Chapter 3. Record Design Considerations

Table of Contents

Keys
What is a Key Component?
Values

Oracle NoSQL Database KVStores offer storage of key-value pairs. Each such pair can be thought of as a single record in a database, where the key is used to locate the value. Both the key and the value are application-defined, given some loose restrictions imposed by Oracle NoSQL Database.

Every key in the KVStore is a list of strings. All keys must have one or more major components. Keys can also optionally have one or more minor components.

The value portion of the record can be simply a byte array, or it can use Avro to identify its schema. (See Avro Schemas for more information.) The value portion can be as simple or complex as you want it to be.

Note

Avro is deprecated. If you want a fixed schema to define the value portion of a record, it is better to use the Table API. That API offers advantages that the Key/Value API with Avro does not — such as secondary indexes.

As a very simple example, suppose you wanted your store to contain information about people. You might then decide to do this:

This is a very simple example of what you might choose to store in Oracle NoSQL Database. However, from a performance point of view, this example might not be the best way for you to organize your data. How you design both your keys and your values can have important performance implications.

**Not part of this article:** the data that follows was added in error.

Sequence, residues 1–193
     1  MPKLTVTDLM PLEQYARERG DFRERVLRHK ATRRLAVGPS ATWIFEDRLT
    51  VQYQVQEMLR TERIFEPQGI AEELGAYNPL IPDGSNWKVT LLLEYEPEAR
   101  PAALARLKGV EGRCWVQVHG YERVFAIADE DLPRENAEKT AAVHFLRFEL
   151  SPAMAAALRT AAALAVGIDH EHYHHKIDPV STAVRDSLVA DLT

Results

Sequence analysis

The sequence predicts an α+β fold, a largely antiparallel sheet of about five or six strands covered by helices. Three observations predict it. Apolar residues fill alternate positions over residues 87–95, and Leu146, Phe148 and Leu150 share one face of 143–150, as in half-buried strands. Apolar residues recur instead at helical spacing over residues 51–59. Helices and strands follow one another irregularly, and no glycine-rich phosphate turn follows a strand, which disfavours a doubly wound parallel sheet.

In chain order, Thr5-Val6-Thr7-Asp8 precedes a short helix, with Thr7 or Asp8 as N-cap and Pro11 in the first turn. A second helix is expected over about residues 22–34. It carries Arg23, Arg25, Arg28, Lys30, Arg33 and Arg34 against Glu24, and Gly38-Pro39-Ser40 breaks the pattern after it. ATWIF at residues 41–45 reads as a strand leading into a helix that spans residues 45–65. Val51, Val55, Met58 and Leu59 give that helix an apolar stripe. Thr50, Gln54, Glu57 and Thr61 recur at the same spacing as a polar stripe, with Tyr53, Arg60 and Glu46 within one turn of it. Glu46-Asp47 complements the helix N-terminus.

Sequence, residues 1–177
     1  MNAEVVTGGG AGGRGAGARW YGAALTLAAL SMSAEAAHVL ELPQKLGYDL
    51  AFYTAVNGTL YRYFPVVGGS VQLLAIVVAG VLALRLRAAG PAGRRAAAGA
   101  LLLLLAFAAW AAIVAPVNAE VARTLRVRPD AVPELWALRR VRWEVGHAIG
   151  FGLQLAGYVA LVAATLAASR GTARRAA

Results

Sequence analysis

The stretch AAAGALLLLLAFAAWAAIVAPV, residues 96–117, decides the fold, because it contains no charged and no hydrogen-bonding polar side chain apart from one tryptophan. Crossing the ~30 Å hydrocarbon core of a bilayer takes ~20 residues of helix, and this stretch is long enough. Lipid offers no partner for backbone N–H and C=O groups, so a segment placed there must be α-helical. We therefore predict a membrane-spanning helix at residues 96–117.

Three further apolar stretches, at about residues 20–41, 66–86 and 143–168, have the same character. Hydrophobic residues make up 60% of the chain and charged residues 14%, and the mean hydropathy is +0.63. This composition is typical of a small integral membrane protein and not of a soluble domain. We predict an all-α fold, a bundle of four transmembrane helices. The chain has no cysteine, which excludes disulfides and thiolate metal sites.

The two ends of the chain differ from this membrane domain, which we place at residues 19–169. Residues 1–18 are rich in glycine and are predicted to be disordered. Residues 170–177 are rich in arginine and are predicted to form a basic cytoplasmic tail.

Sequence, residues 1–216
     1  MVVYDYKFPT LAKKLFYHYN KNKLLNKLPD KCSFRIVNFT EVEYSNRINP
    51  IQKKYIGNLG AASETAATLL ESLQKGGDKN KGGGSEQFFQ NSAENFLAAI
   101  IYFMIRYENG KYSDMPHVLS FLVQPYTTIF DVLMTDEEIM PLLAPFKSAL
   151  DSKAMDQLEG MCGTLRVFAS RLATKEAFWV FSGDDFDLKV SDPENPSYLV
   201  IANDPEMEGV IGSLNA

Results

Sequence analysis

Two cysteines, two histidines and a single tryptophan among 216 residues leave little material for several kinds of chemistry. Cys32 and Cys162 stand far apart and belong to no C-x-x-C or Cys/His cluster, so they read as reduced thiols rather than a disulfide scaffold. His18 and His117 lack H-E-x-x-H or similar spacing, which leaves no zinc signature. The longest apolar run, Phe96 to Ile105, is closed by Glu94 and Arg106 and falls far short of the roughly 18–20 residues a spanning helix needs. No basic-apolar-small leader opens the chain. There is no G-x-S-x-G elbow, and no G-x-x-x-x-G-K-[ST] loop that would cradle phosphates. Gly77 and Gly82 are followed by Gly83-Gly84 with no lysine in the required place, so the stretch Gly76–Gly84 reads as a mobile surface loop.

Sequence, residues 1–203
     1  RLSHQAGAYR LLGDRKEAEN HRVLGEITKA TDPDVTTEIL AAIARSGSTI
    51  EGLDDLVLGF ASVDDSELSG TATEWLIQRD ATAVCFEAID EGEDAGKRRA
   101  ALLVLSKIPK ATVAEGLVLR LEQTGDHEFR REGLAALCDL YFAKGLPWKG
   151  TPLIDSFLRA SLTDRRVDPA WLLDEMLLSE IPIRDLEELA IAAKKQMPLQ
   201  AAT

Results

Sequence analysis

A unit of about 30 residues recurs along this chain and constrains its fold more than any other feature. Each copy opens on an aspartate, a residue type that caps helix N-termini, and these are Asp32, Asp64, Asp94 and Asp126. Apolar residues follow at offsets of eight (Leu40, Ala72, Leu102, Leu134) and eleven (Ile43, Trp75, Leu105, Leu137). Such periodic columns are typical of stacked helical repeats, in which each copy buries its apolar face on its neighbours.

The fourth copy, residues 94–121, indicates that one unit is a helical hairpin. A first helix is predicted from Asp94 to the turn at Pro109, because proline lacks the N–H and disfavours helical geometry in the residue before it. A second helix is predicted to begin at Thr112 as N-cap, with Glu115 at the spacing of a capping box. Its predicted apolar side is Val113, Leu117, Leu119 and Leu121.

The remainder of this chapter describes the performance issues surrounding Oracle NoSQL Database schema design.

Keys

Oracle NoSQL Database organizes records using keys. All records have one or more major key components and, optionally, one or more minor key components. If minor key components are in use, the combination of the major and minor components uniquely identifies a single record in the store.

Keys are spread evenly using a hash across partitions based on the key's major component(s). Every key must have at least one major component, but you can optionally use a list of major components. This means that records that share the same combination of major key components are guaranteed to be in the same partition, which means they can be efficiently queried. In addition, records with identical major key components can be operated upon using multiple operations but under a single atomic operation.

Remember that major key components are used to identify which partition contains a record, and that every partition is stored in a single shard. This means that major key components are used to identify which shard stores a given record. The combination of the major key components, plus the data access operation that you want performed is used to identify which node within the shard will service the request. Be aware that you cannot control which physical machine, or even which shard, will be used to store any given piece of data. That is all decided for you by the KV driver.